Civil Rights Department Submits Comment Letter in Support of Federal Proposal to Reduce Barriers to Housing for People with Criminal Records

June 11, 2024

For Immediate Release

Provides specific recommendations and feedback to further strengthen the proposal based on California’s experience supporting inclusive housing

SACRAMENTO – The California Civil Rights Department (CRD) today announced submitting a comment letter in support of the U.S. Department of Housing and Urban Development’s (HUD) proposed regulations to reduce barriers to housing for people with criminal records. Under California law, housing providers are prohibited from implementing blanket bans on people with criminal histories, recognizing that such policies can result in unjustified discrimination against communities of color and barriers to successful rehabilitation. HUD’s proposed regulations would bring federal law further into alignment with California’s existing protections against discrimination on the basis of criminal history information. In the comment letter, CRD provides specific recommendations and feedback to further strengthen the proposal based on California’s experience supporting inclusive housing, as well as enforcing the Fair Chance Act in the employment context.

“The federal government’s proposed regulations to reduce barriers to housing are a critical step forward for civil rights across the country,” said CRD Director Kevin Kish. “At a time when many hard-won protections are at risk, we are encouraged by HUD’s current effort to help ensure everyone has a place they can call home. Access to housing is key to helping people who have criminal histories successfully reintegrate into and contribute to our communities.”

HUD is the federal department tasked with implementing a range of national programs and laws meant to support fair access to housing across the country, including the housing choice voucher program — known as Section 8 — and other forms of housing assistance. CRD regularly works with HUD in the enforcement of state and federal civil rights laws that protect against discrimination in housing. Under the proposed regulations, HUD is seeking to minimize exclusions from certain federally funded housing programs and provide clear guidance at the national level with respect to the consideration of an individual’s criminal history when applying for housing. For instance, the proposed regulations place important guardrails on how far back housing providers can go when considering an individual’s criminal history, limit such considerations only to relevant criminal activity, and mandate individualized assessments of rental applicants.

In the comment letter in support of the proposed regulations, CRD encourages HUD, among other things, to:

  • Require federally funded housing providers to give applicants an opportunity to dispute criminal records both in writing and alternative formats, such as in person.
  • Provide housing providers with a sample letter for applicants that outlines in plain language their right to provide mitigating information in response to an adverse decision.
  • Include additional examples of mitigating factors, such as whether the individual was a minor or young adult at the time of the conduct and the amount of time that has passed since the conviction.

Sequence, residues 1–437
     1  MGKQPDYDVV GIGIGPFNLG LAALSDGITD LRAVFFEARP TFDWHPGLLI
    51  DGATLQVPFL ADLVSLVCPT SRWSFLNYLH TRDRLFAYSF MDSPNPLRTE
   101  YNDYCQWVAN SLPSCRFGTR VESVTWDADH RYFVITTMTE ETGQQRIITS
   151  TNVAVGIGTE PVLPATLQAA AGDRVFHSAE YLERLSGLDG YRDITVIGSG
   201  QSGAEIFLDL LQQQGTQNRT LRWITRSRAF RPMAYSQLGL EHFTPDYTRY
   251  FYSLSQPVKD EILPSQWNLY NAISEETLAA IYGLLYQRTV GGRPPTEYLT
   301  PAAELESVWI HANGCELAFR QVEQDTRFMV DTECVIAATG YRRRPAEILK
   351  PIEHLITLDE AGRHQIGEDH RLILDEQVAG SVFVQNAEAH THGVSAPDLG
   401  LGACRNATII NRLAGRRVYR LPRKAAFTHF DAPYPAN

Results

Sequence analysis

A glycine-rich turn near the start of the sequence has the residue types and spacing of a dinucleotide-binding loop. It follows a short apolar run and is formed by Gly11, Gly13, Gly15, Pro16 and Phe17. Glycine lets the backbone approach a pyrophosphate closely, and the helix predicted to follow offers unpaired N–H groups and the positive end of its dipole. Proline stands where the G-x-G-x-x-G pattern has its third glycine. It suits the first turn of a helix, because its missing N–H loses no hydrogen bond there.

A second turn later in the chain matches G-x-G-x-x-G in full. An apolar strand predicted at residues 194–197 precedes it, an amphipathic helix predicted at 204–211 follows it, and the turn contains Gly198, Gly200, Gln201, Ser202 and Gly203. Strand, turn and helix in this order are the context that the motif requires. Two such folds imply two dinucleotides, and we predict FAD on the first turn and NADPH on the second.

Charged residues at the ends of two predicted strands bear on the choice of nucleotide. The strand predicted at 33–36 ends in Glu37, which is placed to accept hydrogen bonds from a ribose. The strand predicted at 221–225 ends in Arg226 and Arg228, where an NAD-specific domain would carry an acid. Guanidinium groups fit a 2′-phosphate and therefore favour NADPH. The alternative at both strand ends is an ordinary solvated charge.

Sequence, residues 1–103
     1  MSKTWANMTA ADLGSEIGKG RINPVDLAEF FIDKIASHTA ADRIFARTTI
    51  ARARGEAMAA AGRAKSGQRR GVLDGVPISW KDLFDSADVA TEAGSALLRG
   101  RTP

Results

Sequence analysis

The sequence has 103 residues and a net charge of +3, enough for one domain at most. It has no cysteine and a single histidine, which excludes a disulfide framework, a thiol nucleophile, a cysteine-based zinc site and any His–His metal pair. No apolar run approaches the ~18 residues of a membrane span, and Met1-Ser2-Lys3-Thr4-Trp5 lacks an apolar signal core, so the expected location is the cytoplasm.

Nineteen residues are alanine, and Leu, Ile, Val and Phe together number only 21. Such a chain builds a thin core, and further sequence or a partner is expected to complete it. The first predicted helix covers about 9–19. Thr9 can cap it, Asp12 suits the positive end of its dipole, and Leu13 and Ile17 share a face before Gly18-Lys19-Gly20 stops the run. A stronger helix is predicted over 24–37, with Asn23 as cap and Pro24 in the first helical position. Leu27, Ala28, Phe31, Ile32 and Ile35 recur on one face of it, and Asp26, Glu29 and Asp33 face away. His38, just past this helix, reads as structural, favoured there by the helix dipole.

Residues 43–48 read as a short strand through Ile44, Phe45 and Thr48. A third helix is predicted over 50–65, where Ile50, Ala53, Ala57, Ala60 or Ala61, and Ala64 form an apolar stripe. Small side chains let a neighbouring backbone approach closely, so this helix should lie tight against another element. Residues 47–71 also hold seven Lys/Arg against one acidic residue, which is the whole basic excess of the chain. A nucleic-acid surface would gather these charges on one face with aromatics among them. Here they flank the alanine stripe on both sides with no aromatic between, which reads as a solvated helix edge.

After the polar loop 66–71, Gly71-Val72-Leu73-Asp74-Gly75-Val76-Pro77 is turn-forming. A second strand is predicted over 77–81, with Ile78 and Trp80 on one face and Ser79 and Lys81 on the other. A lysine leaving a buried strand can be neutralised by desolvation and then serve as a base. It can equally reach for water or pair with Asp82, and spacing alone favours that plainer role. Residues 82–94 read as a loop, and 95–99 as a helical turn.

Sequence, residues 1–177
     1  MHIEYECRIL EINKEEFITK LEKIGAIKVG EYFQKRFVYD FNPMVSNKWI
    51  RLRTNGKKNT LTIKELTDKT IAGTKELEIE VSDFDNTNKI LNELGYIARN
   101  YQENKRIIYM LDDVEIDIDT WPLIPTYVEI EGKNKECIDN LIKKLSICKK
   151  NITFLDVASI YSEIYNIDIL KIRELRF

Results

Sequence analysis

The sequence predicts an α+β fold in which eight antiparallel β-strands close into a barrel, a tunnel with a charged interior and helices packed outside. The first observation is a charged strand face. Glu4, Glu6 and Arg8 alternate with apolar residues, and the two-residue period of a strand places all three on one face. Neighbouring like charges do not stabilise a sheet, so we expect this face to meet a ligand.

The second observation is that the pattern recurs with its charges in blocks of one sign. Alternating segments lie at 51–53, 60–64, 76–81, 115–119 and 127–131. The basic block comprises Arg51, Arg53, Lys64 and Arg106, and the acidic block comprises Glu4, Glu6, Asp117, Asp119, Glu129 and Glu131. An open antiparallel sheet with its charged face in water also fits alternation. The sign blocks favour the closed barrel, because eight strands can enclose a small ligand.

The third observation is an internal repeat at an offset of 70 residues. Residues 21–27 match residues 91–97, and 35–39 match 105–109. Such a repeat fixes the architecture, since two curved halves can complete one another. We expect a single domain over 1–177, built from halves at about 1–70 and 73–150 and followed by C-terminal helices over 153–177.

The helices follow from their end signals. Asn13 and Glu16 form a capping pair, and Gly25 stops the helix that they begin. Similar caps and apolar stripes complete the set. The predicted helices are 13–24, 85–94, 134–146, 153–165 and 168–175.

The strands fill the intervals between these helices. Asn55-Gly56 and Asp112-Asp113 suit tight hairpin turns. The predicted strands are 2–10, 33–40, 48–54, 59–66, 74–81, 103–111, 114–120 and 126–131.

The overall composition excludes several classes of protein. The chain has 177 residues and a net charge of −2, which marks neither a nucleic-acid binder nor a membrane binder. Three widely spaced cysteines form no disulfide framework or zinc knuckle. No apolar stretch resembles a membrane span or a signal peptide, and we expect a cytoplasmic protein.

• Consider adopting language similar to existing California regulations with respect to determining the relevancy of criminal history to a housing decision.
  • Extend the proposed regulations to cover housing-choice and project-based voucher holders.

CRD is deeply committed to combatting discrimination on the basis of criminal history information. Earlier this year, CRD issued more than 60 compliance notices to correct discriminatory ads in housing and employment, including ads with language attempting to categorically bar people with criminal histories from applying. Last year, the department filed a first-of-its-kind lawsuit against Ralphs Grocery Company over alleged violations of the Fair Chance Act, which resulted in the unlawful denial of employment opportunities to hundreds of job applicants. CRD also reached a $10,000 settlement over an Inglewood apartment complex’s alleged unlawful rejection of a prospective tenant on the basis of criminal history information. In October, CRD launched a new monthly “Civil Rights 101” webinar series to support increased awareness of state and federal civil rights protections, including with respect to criminal history. The department also recently developed an online interactive guide to help identify potential violations of the Fair Chance Act and maintains a toolkit to help employers comply with the law’s requirements.

If you or someone you know has been the victim of discrimination, CRD may be able to assist you through its complaint process. General information about how to file a complaint is available here. Information regarding California’s protections against discrimination in housing is available here. Specific guidance on the intersection of fair housing and criminal history is available here and here.

A copy of the comment letter is available here.


The California Civil Rights Department (CRD) is the state agency charged with enforcing California’s civil rights laws. CRD’s mission is to protect the people of California from unlawful discrimination in employment, housing, public accommodations, and state-funded programs and activities, and from hate violence and human trafficking. For more information, visit

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